Hosea—The Condition of Unconditional Love

Hosea—The Condition of Unconditional Love

The scars of childhood remain with us forever, that is, until a lasting, unconditional love can conquer the tragic memories and heal the psychological wounds. Such is the film, Hosea, a powerfully crafted cinematic experience directed and written by Ryan Daniel Dobson and produced by Suzanne Watson and Avril Z. Speaks. Not too many movies stir me at my core as did this film, not only because of the biblically-referenced title but because of the God-like love that it portrays. 

 

The story takes place in Oklahoma City in 2001 following two friends, Cate (Margaret Fall) and Henry (Aidan Singh), who as children were inseparable. Henry asks Cate, “What do you think love feels like?” He answers his own question, “It’s like pop rocks in your chest after running fast.” Henry later tells her that his parents are divorcing and so he has to move to Oregon. He tells Cate, “I love you.” “We’re meant to be.” After he leaves town, a tragedy befalls Cate that alters her hopes, dreams and very existence. 

© 2020 Small Group Films. All rights reserved. 

We then see her as a young adult, played magnificently by Camille Rowe, trying to make money for her handler/boyfriend Donovan (Josh Pence), wearing gloves to hide her scars. As with many women caught up in this dependent lifestyle, Cate squelches her interior pain by cutting. The deeply disturbing images draw the viewer into the horrific experiences Cate endures in order to survive. She sees herself as worthless, though she has an amazing eye for photographic art and takes pictures with an old Polaroid instant camera she found amid a garbage pile. This art becomes her future lifeline and a temporary reprieve from her emotional enslavement.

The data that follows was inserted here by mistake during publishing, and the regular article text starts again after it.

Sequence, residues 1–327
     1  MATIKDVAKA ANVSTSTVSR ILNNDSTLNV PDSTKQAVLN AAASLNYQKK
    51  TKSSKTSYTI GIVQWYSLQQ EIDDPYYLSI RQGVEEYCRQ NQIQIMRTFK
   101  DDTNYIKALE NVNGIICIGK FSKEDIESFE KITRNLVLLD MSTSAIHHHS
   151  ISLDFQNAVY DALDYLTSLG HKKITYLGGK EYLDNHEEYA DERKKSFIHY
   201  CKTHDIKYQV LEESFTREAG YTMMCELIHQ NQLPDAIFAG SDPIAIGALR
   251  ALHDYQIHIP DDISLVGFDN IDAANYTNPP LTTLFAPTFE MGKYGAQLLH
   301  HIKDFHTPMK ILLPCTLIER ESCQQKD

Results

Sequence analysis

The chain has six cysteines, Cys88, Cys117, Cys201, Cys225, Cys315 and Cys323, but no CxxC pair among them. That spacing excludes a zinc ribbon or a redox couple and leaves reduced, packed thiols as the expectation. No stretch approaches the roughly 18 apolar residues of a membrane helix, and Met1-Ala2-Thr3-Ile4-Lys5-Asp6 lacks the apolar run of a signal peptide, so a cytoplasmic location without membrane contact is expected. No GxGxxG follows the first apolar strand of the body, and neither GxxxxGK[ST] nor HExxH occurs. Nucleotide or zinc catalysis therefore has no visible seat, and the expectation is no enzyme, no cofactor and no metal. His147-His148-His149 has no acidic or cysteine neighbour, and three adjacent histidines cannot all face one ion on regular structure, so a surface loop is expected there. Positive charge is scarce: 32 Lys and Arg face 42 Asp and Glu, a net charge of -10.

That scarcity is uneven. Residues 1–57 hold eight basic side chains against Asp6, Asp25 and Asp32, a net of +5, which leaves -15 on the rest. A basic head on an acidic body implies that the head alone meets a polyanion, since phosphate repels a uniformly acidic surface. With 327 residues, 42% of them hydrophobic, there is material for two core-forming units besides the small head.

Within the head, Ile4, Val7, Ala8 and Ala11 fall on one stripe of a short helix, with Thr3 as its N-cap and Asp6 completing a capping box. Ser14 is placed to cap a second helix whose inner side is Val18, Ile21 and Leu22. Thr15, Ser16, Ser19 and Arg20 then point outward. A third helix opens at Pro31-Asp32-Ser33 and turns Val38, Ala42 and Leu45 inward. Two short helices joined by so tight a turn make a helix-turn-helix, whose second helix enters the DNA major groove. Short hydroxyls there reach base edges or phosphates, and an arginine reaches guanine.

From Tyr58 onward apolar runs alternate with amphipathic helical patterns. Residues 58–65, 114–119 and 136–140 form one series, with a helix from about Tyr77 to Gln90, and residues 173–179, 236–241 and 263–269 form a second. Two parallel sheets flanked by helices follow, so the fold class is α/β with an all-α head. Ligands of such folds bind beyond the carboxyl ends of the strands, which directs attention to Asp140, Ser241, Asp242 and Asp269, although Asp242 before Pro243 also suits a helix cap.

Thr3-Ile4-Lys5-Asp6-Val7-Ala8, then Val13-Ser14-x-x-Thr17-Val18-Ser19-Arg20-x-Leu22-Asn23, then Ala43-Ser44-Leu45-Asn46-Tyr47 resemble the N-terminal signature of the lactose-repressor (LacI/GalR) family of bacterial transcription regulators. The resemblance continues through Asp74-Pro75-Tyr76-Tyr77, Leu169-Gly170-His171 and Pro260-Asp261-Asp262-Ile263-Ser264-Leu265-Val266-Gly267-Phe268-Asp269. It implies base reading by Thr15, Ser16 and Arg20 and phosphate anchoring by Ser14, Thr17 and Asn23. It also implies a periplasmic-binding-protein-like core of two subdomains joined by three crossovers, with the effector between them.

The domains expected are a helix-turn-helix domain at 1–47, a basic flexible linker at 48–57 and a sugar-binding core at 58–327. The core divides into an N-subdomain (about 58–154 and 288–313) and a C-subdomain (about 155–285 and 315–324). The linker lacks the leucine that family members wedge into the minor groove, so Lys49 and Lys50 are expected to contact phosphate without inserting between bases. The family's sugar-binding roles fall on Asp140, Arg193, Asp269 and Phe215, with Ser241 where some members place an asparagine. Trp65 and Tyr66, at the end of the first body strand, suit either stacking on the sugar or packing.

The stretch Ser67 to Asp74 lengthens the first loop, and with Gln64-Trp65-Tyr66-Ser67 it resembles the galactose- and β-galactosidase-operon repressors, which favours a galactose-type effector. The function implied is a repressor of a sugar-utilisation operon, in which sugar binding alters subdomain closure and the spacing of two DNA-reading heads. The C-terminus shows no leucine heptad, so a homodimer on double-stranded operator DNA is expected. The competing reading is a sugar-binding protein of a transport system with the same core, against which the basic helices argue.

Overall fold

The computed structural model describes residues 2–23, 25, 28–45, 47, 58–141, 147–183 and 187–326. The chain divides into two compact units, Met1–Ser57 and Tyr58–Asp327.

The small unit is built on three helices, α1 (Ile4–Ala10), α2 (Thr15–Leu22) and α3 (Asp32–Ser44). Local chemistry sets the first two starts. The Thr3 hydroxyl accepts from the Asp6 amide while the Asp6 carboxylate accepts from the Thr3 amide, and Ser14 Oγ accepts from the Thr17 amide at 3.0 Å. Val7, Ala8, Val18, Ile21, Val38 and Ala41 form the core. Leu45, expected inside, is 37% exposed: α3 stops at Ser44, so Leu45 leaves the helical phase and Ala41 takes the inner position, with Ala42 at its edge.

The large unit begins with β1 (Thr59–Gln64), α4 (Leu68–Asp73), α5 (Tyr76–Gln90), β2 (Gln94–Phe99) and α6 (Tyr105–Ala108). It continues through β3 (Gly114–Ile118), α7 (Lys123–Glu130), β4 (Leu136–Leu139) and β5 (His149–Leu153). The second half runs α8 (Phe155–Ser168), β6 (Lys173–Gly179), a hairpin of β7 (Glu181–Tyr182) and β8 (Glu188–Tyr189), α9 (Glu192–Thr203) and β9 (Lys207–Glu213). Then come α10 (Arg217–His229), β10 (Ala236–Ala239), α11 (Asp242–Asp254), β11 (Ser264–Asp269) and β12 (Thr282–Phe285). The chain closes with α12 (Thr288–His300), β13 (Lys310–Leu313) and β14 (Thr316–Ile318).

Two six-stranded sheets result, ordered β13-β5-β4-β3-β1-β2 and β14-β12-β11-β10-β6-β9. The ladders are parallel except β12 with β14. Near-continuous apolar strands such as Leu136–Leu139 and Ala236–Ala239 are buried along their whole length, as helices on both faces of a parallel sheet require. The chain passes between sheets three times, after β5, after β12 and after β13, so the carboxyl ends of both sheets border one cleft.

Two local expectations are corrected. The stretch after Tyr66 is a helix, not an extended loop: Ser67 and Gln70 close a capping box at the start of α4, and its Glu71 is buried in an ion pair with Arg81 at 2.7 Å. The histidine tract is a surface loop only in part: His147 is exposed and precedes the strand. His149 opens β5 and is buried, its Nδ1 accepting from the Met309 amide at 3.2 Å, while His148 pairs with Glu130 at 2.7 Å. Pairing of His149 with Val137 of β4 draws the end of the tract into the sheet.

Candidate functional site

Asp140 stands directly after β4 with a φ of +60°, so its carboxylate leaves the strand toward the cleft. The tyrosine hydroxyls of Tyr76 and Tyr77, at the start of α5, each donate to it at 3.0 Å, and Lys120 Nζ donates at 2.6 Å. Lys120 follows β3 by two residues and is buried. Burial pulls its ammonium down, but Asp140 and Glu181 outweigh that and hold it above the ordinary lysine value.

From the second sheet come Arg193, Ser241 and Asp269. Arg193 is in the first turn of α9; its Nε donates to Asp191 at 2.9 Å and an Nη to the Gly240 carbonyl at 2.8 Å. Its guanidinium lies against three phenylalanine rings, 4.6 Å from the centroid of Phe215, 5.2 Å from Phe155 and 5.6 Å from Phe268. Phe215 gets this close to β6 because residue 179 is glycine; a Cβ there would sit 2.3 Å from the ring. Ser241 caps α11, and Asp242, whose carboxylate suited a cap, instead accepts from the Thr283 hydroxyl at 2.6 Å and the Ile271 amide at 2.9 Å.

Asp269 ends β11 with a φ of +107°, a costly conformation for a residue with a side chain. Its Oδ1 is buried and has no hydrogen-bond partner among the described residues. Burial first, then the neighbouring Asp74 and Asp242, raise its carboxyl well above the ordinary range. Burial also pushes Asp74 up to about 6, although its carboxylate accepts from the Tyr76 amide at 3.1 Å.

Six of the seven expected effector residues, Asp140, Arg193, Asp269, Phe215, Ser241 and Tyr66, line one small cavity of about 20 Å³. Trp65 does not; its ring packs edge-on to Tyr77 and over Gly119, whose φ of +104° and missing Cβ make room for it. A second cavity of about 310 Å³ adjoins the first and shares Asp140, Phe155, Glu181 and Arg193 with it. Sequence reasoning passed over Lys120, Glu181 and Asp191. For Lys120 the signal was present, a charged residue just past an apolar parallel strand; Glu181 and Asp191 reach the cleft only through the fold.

© 2020 Small Group Films. All rights reserved. 

When waiting in a bar for her client who never shows, she notices a familiar face at a nearby table. As she leaves the bar, the gentleman turns as if he senses her presence. She goes online to search out what happened to her friend Henry and finds out he is an architect called on to turn an old closed church in town into a social bar and gathering space. Through a deceptively clever way of connecting with her, Henry finds her and tells her, “I said we were meant to be. Did you believe me?” She brushes him off saying, “I’m not what you want.” 

 

© 2020 Small Group Films. All rights reserved. 

The story plays itself out showing Henry and Cate as together but with her feeling never good enough to be with him. Her lack of self-esteem drags her back into her former addictive lifestyle unable to break the emotional hold Donovan has on her. It is a tragic but powerfully transformative tale that reflects the biblical story of Hosea and his prostitute wife, Gomer, who are images of God’s abundant love for his people Israel who have wandered far from him through worship of other gods. A modern-day parable that torments while gently offering the sweet balm of grace.  

 

© 2020 Small Group Films. All rights reserved. 

What struck me the most about the film are the details. Throughout the story are images of Our Lady of Guadalupe, Mother of the Americas and Mary the Mother of Jesus. It was as if Mary was present to Cate even in the midst of tragedy, always present to offer her grace and mercy to help her out of her heartbreaking situation. Mary is her lifeline that draws her toward unconditional love, just as Mary leads us all to Jesus, to receive grace and forgiveness. God is waiting for us, just as he waited for his Chosen People, to redeem us and clothe us with his compassionate love. God’s loving mercy is always present to us without condition. 

 

This film offers hope, redemption and grace and is being released on digital platforms beginning September 25th, 2020. 

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